Seeing Beyond The Disability

Sasha Daneah Anderson with Townsely Roberts at the College of the Bahamas. Photo: Aikino Rolle/Moecasa Inc

Sasha Daneah Anderson with Townsely Roberts at the College of the Bahamas. Photo: Aikino Rolle/Moecasa Inc


OCTOBER marks National Disability Employment Awareness month when those with disabilities in the working environment are celebrated and recognised and awareness about disability employment issues raised.

This year’s theme, “‘My disability is one part of who I am”, seeks to exemplify many different aspects of persons with disabilities (PWD) who can contribute while at the same time overcoming various barriers placed in front of them.

Barriers may include having non-disability employees using the disability parking space and getting permission from managers to do so; working in a building that is two or three storeys with no elevators; doors not wide enough for wheelchairs; no ramps; non-flexible work hours – the list can go on. There are many, though, who are able to find the mental strength to overcome the barriers. Many are able to find creative and strategic ways to get through the day, stay positive, and remain grateful. Although one has the strength to keep positive does not mean the problem should be accepted and ignored.


Sasha Daneah Anderson with Gary Z Russell at his office in Charlotte House. Photos: Aikino Rolle/Moecasa Inc

As a part of NDEAM, I met a well-rounded accountant and former president of the Bahamas National Council for Disability (BNCD) Townsely Roberts and Chairman of The Music Makers Junkanoo group and Senior Examiner of the Compliance Commission Gary Z Russell. Both are breaking barriers in their unique ways and shared with me their experiences.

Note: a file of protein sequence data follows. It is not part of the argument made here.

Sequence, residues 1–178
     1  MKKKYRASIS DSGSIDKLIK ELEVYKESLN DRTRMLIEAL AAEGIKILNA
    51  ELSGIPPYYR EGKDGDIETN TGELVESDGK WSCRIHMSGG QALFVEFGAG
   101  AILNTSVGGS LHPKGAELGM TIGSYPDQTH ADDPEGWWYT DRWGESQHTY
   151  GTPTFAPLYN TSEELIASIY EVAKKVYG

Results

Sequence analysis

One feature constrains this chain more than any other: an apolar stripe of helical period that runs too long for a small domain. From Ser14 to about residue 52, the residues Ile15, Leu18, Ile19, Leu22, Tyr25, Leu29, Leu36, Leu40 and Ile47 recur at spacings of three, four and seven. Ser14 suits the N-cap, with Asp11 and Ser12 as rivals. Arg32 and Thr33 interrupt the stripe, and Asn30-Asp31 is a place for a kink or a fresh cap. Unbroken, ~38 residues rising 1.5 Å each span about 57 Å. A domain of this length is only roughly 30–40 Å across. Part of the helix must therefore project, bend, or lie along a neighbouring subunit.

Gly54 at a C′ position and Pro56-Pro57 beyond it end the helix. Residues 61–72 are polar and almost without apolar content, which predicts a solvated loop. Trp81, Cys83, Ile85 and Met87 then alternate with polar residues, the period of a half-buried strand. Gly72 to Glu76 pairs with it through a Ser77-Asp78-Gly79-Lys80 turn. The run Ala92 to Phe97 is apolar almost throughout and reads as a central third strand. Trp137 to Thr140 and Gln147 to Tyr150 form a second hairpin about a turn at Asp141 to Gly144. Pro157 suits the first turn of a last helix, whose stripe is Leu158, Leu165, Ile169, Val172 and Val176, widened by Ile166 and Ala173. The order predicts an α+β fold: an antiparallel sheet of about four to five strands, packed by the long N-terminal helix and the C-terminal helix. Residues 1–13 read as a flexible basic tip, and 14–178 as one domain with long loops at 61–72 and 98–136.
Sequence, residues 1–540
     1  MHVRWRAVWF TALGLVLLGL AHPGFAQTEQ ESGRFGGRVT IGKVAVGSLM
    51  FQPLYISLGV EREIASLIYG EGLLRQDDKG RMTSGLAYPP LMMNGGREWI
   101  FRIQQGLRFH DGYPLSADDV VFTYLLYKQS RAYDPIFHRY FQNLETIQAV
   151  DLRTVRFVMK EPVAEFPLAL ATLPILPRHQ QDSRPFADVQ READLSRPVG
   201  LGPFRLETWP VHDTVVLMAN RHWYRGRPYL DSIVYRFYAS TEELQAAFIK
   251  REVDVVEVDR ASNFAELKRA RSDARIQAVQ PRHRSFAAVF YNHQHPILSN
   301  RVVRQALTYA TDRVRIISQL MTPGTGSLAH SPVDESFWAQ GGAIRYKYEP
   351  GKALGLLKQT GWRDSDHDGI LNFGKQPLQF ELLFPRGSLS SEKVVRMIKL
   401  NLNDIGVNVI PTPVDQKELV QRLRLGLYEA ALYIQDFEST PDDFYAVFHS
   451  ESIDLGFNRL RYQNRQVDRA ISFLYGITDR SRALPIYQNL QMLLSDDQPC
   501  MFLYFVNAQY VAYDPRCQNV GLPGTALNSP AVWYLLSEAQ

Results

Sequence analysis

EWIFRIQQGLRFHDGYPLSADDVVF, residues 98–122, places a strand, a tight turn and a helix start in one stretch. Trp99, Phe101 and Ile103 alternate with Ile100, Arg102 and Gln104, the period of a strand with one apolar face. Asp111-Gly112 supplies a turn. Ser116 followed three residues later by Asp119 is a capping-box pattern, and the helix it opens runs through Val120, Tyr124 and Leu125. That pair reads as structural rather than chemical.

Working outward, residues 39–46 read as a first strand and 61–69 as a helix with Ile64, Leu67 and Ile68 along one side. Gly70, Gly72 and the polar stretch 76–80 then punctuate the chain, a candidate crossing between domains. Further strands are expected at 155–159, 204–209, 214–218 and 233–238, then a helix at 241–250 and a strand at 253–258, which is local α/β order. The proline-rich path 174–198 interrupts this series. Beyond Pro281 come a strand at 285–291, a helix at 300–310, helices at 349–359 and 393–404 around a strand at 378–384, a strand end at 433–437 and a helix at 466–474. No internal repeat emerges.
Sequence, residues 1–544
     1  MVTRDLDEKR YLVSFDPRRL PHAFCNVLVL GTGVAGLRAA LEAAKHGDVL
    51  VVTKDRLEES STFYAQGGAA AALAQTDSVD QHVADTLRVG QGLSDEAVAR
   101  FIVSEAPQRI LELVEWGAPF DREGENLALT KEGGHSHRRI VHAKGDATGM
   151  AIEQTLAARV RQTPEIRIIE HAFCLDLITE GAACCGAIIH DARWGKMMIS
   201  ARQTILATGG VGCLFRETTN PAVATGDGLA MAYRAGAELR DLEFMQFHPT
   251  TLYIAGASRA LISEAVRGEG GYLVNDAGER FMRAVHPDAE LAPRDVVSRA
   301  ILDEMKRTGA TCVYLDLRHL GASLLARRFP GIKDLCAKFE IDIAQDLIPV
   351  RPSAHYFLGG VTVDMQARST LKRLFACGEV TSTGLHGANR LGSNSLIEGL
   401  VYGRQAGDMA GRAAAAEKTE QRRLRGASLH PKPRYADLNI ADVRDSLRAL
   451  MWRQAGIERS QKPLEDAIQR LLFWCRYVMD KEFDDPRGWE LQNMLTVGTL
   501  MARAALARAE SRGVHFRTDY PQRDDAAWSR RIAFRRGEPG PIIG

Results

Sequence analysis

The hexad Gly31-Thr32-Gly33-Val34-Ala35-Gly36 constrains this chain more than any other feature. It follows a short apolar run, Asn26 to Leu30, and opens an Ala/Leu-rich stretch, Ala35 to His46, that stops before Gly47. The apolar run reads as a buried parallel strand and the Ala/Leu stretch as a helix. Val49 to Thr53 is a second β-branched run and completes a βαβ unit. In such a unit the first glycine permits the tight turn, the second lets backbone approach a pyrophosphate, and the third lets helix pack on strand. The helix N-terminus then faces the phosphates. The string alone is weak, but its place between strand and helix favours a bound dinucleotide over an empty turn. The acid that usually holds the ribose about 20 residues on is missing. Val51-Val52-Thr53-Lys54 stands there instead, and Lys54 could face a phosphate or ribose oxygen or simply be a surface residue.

Mr Roberts, 40, was graduated from the College of the Bahamas in 1995 with an Associate’s degree in Accounting and Computer Data Processing. That same year, Mr Roberts - an above the knee amputee - was employed by the company that owns Wendy’s and Marco’s Pizza and has been there for 20 years. Mr Roberts moved up the ranks and landed the position as Accountant Manager. “People are surprised that they didn’t hire someone out of empathy,” said Mr Roberts. “People generally feel if you have a disability, it affects your intellect somehow. I don’t understand it but that’s just how they are. I find people will talk to you louder and your disability isn’t your hearing or talk very slow.”

Mr Roberts explained the reason for this ignorant behaviour as having “to do with the fact that we need to educate the Bahamian public on the realities of what disability is”.

Recently, he has focused on realising his and a friend’s vision where they can employ PWD. “Bahamians are not at that level, I don’t think now, where they are willing to give PWD a chance without forcing them by law,” said Mr Roberts, “that’s the reality.”